Best Performance for jQuery Selector


Answers

Weird as it may sound, I am getting "a:first" consistently faster on Safari, and Firefox, and slower on Chrome and Opera on these tests. However, these results are for almost 12,000 links on the page, so a millisecond here or there is not worth pulling hairs over.

Safari

alt text http://tinyurl.com/27polne

Firefox

alt text http://tinyurl.com/2ay56yr

Chrome

alt text http://tinyurl.com/248nurm

Opera

alt text http://tinyurl.com/254unwc


To really optimize this, you should never select all links. Assign a unique ID to the first link, and access only that. Here is a new test with searching a single element, and it blows the other techniques out of proportion. Needless to say that this was obviously going to be really fast, but this is just a comparison of actually how much faster.

OK, I can't resist adding jQuery style performance numbers from its 1.0 days :)

Safari (112,000% faster)

alt text http://tinyurl.com/2b2w2fc

Firefox (30,000% faster)

alt text http://tinyurl.com/25xjzs4

Chrome (24,000% faster)

alt text http://tinyurl.com/28w9fgq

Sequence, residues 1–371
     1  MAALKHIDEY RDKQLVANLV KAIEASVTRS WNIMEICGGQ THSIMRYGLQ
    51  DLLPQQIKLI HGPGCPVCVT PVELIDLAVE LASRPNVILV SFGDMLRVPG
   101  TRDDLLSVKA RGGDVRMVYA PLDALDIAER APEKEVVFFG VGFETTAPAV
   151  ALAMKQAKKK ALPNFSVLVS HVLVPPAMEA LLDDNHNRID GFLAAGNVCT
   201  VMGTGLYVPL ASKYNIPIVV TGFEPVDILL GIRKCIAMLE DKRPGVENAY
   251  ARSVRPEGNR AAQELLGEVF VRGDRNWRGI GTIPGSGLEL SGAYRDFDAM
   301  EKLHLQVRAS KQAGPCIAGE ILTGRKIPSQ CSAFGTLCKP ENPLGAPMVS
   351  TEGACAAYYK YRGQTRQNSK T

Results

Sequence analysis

Opera (38,000% faster)

alt text http://tinyurl.com/27lsz2u

Setup:

  • OS: OS X 10.5.8
  • Opera: 10.10, build 6795
  • Chrome: 5.0.375.70
  • Safari: 4.0.5 (5531.22.7)
  • Firefox: 3.6.4
Question

This gets and stores the background color of a specific link:

var origColor = $("ul.relatedAlbums li a").css("background-color");

But there are a lot of those links, and I get the feeling that this is ineffecient. I imagine there's a way to tell the selector query to stop after the first match, and thus save on processing time. Here's how I imagine doing that:

var origColor = $("ul.relatedAlbums li a:first").css("background-color");

Is this the right / efficient way to do it? People say that using css pseudo classes is slow - but I'm not sure if that applies. This just has the same syntax, is that right?







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